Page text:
Before Gloria, a single parent of three, had her born-again experience, she thought nothing of leaving her children alone night after night while she ran to parties. "After all," she thought, "I have to work hard all day long. Nobody is looking out for me. I've had to struggle all of my life, and I deserve to have a little fun!" When Jesus came into her life, her value system changed day by day. She began to enjoy her children and to experience a sense of fulfillment in nurturing them with her presence. She no longer dated men who were just out for a good time. Rather, when she met a new man, she found herself pondering, "What kind of father might he be?" The children responded to their "new" mom with loving gratitude and respect; discipline became easy. Then one day Gloria caught her two little boys discovering masturbation, and she was suddenly overcome with irrational fear and anger! She screamed at them with vitriolic accusations as she frantically grabbed a belt to beat them. The sister cowered behind the couch as her out-of-control mom chased the boys around the house, knocking over tables and lamps as she went.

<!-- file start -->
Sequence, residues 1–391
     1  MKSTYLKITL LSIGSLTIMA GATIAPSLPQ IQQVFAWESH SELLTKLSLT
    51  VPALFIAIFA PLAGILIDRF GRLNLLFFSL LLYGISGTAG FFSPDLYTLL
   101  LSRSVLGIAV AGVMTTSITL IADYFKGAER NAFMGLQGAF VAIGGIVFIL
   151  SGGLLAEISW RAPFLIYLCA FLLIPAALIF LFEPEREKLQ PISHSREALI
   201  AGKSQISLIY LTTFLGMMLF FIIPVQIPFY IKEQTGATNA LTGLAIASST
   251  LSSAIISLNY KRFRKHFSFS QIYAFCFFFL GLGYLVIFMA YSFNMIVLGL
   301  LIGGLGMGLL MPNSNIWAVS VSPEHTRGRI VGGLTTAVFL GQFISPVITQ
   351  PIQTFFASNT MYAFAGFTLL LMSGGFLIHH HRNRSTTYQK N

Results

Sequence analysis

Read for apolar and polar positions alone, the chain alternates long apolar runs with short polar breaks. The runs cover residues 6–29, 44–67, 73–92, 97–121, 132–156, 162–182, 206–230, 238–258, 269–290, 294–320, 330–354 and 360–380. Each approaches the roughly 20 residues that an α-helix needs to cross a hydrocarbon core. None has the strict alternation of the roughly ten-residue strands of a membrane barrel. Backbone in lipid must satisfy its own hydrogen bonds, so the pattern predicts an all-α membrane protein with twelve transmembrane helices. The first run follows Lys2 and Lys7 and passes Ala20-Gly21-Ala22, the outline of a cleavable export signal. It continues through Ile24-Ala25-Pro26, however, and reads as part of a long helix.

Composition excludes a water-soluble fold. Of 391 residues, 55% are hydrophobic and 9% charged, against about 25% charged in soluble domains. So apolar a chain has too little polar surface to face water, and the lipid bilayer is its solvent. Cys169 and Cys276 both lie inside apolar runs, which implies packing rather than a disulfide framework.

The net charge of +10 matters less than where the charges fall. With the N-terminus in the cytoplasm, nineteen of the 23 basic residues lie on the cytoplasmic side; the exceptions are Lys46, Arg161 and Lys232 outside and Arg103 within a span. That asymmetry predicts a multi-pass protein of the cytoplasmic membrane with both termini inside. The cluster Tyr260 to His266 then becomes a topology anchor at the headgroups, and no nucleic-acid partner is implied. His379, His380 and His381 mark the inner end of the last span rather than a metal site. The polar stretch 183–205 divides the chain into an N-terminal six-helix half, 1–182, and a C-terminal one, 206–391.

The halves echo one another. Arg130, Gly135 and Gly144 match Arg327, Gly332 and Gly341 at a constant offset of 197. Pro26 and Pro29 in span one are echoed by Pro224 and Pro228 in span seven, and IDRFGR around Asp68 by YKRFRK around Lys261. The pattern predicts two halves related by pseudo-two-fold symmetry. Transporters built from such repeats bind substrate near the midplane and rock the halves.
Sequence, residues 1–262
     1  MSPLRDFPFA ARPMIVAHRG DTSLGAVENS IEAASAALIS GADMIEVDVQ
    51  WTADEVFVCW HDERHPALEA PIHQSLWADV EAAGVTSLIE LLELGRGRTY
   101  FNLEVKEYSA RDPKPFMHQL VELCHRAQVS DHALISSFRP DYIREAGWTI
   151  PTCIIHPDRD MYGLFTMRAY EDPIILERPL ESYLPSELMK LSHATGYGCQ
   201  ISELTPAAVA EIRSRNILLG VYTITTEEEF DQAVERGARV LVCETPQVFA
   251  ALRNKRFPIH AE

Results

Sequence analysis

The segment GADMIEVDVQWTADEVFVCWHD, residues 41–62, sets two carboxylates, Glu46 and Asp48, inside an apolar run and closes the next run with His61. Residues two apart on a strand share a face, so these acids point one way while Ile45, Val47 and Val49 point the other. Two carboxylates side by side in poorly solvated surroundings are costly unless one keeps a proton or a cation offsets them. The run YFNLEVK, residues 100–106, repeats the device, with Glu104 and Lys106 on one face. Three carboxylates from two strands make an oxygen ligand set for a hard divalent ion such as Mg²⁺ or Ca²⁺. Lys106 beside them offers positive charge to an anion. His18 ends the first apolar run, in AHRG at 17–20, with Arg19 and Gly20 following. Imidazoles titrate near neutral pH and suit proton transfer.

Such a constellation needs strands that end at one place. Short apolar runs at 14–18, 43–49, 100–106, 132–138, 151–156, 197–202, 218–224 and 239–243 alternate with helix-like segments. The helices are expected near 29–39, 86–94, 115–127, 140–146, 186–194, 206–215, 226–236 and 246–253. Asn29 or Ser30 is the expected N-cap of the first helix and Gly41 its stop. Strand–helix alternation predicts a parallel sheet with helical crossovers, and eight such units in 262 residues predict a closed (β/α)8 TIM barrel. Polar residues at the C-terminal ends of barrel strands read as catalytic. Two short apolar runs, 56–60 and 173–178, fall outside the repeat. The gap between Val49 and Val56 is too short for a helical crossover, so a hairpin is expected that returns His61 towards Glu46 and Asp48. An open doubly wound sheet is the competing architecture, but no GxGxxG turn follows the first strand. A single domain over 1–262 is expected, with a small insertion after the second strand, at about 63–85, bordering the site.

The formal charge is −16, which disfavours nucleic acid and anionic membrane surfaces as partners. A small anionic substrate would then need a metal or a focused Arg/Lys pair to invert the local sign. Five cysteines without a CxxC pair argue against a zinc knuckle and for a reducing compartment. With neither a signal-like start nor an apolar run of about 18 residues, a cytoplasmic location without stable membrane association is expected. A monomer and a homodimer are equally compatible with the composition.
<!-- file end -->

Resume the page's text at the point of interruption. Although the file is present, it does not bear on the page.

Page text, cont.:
Later, a horrified and penitent Gloria tearfully cried to her pastor, "What have I done? How could I have overreacted so?" The pastor tried to be kind but did no more than reiterate the "Shape up-you know Jesus" message she had heard from the pulpit so many times before. The pressure to "be Christian" without benefit of ministry to get at the roots of why it was so difficult fueled her anxiety and drove her to repeated abuse of her children. She felt her reputation was at stake with every naughty thing they did, and her abusive discipline drove them to excesses.
Finally Gloria came to us in desperation, and the Lord very quickly revealed what her boys' sexual activity had triggered in her. As a little girl she had been fondled by a teenage boy in the neighborhood. When her parents discovered what had happened, she was blamed for the incident, shamed, whipped, and threatened with the wrath of an angry God. After we had prayed that she be enabled to forgive, we asked the Lord to heal her wounded spirit and nailed that old fearful and condemning point of reference to the cross of Christ, and she was set free.
To demand that people immediately perform because they have been born again is as ridiculous as yelling over the crib of a newborn baby, "Get out of that bed! There's work to do here!" Spiritual babes must have love, nurture, prayer, and patient teaching, especially those who have experienced trauma. Only then are they enabled to grow into the fullness of who they are. Insensitive religious demands put them under condemnation and drive them to hopelessness.
Dr. Mark Rutland's
National Institute of Christian Leadership (NICL)